‘Subscribe is the new shop.’ – Are subscription business models taking over?

Jul. 17, 2014 | by Alex Shilton

There was once a time when subscriptions and magazines were an established and monogamous pair. But now, the subscription plague is quickly spreading between industries. The modern day consumer wants on-going, easy access to their everyday products and commodities. As such, the one-time purchase may not be as appealing anymore, but instead, a flexible service that can last a lifetime may be.

A subscription service could be anything from the perks of your Amazon Prime, to a monthly visit from your window cleaner. A subscription is a type of billing option, which charges an account on an annual, monthly, weekly, or even daily basis. With this model, companies instantly look to gain a subscribed consumer who offers the business a possible lifetime loyalty. This can therefore improve their revenue on a long-term basis. For consumers, they may find that a subscription saves them money on a product they buy regularly and could avoid that daunting trip to the shops. The most significant factor for the success of a subscription model is outstanding value – if the consumer does not believe they’ll receive this, then there will be no subscription in the first place.

Subscription businesses are nothing new. We have seen them bravely enter the Dragons Den, pitching for investment in a company that constructs a quarterly bill for ‘members’ who sign up for having their olive oil delivered to them. Yes…olive oil. Although that may not have worked out, you’ll be more familiar with companies such as Netflix and Graze. Who’d have thought healthy snacks being put through the letterbox could be the next big thing? Jamie Oliver missed out on that one. A common submodel of subscription is ‘Freemium’ – a term that sounds galactic! Spotify embraces this model, as they provide users free music content but restrict access to their premium features to paying subscribers. Last year, Spotify reached over 24 million users, including 6 million paying the subscription fee. Their philosophy is that once they get you hooked on their service, you’ll be crying out for more.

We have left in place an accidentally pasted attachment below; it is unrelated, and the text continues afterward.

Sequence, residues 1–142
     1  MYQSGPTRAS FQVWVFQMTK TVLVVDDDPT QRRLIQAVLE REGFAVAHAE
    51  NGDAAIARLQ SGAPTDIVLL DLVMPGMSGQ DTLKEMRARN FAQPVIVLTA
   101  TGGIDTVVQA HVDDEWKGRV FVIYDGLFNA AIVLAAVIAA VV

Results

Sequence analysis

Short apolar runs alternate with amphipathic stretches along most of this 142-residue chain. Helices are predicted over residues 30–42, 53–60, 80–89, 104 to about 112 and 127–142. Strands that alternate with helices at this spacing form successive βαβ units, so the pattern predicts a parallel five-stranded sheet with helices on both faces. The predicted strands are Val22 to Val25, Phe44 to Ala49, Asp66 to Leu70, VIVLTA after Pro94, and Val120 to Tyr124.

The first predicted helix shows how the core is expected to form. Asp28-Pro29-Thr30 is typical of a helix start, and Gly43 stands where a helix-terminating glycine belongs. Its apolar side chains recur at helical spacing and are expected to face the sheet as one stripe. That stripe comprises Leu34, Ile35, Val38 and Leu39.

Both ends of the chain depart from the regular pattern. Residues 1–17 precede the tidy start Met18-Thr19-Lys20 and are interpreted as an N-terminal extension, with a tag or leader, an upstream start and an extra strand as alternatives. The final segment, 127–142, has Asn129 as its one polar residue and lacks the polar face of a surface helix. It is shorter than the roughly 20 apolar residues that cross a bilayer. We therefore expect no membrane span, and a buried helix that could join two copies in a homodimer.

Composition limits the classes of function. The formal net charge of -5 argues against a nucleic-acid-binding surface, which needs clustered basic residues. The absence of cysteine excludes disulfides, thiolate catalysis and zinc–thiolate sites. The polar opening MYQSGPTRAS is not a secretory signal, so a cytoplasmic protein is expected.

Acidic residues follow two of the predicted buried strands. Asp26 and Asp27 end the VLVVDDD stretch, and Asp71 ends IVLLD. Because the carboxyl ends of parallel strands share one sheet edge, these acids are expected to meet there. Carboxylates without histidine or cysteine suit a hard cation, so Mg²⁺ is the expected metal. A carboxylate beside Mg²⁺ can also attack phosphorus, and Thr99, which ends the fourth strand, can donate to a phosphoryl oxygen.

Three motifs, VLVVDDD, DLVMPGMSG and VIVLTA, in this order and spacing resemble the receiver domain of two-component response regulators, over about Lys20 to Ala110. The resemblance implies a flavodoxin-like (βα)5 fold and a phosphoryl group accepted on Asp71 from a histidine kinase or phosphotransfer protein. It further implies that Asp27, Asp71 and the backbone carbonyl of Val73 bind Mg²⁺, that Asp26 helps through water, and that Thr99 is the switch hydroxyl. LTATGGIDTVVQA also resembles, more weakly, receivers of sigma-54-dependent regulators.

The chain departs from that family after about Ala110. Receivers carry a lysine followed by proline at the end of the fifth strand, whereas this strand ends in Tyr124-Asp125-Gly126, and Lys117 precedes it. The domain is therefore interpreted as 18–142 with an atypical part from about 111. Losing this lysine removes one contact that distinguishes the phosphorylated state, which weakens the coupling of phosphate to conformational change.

Companies have now been set-up that specialise in subscription business models and help to secure lifetime value customers. The leader of these being OrderGroove, who believe they can help a business by dramatically increasing annual spend, purchase frequency and customer lifetime value by up to 400%. Their company motto is ‘Subscribe is the new Shop.’ Whether this is true or not, thousands of companies are opting to be a part of it, so what will this mean for the world of advertising?

This shift requires new ways of thinking, and the upmost importance in customer care. Subscription services will only be successful if they have an extremely attractive proposition, therefore the key starting point is a product and service that consumers trust. However, a sale can never just be a statistic. Subscriptions are about customer relationships. You must understand your market better than anyone else; get to know the people, what do they want? What experience are you going to offer them? There is no fast tracking here. Advertisers must understand how these meaningful relationships evolve over time. And what to expect in return: an engaged and loyal customer instantly. From this customer base you establish stability, with an opportunity to secure revenue in the long-run.

Subscription model businesses are on the rise. They may have not yet ‘taken over’ so to speak. But have a look at your most recent bank statement; amongst the mist of your one-off purchases, it is likely you are starting to see a collection of recurring payments going out. This is just the beginning. Be prepared for the subscription model boom – as those who don’t, may be left out in the cold.

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    • MOOCs as Partworks | OUseful.Info, the blog...

      […] of related but also not, this article from icrossing on ‘Subscribe is the new shop.’ – Are subscription business models taking over? and John Naughton's column last week on the (as then, just leaked) Kindle subscription model - […]Jul 22, 2014 04:57 pm

    Please note: the opinions expressed in this post represent the views of the individual, not necessarily those of iCrossing.

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